Although they are less common, sports physicals conducted by the athlete’s personal physician or another private doctor are far more likely to be complete exams. They are also more likely to be part of an integrated approach to the athlete’s healthcare, making the sports physical part of the overall continuity of care for that patient. Because they take place in a healthcare facility, they are also more conducive to privacy. Their primary drawback is that they’re conducted by private doctors who may not have as much experience in this area.
Multi-station sports physicals are sometimes arranged for multiple athletes by schools and other institutions. Under these circumstances multiple doctors and other healthcare providers will congregate on hand to conduct various different portions of the sports physical for each athlete, often assisted by trainers. This kind of approach sometimes offers the advantage of more attention to more athletes that might otherwise go untreated. It can also provide immediate attention from attending specialists for those whose problems surface. Obvious drawbacks include a lack of privacy, a disconnect from continuity of care, and a possibility that subtler problems remain undetected.
The third hybrid approach sees some sort of specialized healthcare facility—such as a sports medicine facility or urgent care facility with sports medicine capabilities—providing sports physicals to a broad spectrum of patient athletes. In this scenario the sports physical is conducted in private with access to the patient’s entire history and medical record. However, due to the cost-effectiveness of the model, this kind of arrangement is typically less expensive and more accessible than a traditional private doctor model. It also ensures that the practitioner conducting the sports physical has the right training.
What happens during a sports physical?
Each sports physical consists of two main components: the medical history and the physical exam.
The medical history is a critical tool for identifying existing conditions that could impact an athlete’s ability to perform in sports. The focus of the medical history is on the detection of disease and injuries, both previous and current, and the detection of things like musculoskeletal and cardiovascular abnormalities. Any sign of any of these issues will prompt further inquiry and testing.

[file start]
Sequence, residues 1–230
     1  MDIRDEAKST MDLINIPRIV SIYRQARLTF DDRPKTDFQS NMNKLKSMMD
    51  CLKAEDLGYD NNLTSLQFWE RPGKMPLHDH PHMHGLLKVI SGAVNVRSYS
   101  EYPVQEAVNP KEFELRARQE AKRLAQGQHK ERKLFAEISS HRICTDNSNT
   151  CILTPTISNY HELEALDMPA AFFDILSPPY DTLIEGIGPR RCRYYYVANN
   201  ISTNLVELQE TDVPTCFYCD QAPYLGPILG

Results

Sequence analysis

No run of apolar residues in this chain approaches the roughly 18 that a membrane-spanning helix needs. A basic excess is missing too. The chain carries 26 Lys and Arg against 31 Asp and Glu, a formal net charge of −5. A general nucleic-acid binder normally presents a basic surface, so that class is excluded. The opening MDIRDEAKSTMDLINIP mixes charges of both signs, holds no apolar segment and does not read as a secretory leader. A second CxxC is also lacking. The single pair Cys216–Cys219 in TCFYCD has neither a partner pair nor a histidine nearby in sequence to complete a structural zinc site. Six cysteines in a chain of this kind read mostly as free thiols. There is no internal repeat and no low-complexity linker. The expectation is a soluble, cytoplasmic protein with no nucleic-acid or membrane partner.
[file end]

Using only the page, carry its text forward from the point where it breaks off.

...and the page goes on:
A practitioner conducting this portion of the sports physical will address at least these issues:
- Demographic data such as contact information and details concerning authorization to treat specific conditions.
- Status of immunizations, particularly tetanus; tetanus is related to the risk of abrasion and laceration inherent to most sports.
- History of excessive or rapid weight gain or loss which may suggest an eating disorder, purging, or steroid abuse.
- History of asthma, both in the athlete and the family, whether triggered by exercise or other factors.
- Family history of serious illnesses.
- Episodes of dizziness or collapse with exertion to rule out heart disease.
- Menstrual history abnormality can be linked to significant underlying medical conditions such as drug abuse, eating disorders, nutritional deficits, osteoporosis, pregnancy, and psychiatric conditions.
- Use of contact lenses or dental appliances, and other devices which could become dislodged during competition.
- History of concussions; evidence regarding the morbidity associated with repetitive head injuries makes assessment of concussion history essential to risk assessment for contact or collision sports.
- History of allergies and anaphylactic reactions, especially if an athlete has known anaphylaxis with insect bites.
- Use of alcohol, drugs, dietary supplements, and/or performance enhancing drugs, such as steroids.
- Family history of exercise-related death.
- Loss or dysfunction in one of a pair of organs (such as one kidney, eye, or testicle) since injury to remaining organ will mean a total loss.
- History of dislocations, fractures, and other injuries which can indicate conditions that require further treatment or an abnormality in playing mechanics or equipment that demand modification.
- History of heat illness which indicates risk for recurrence.
- Source of the medical history and assessment of its reliability.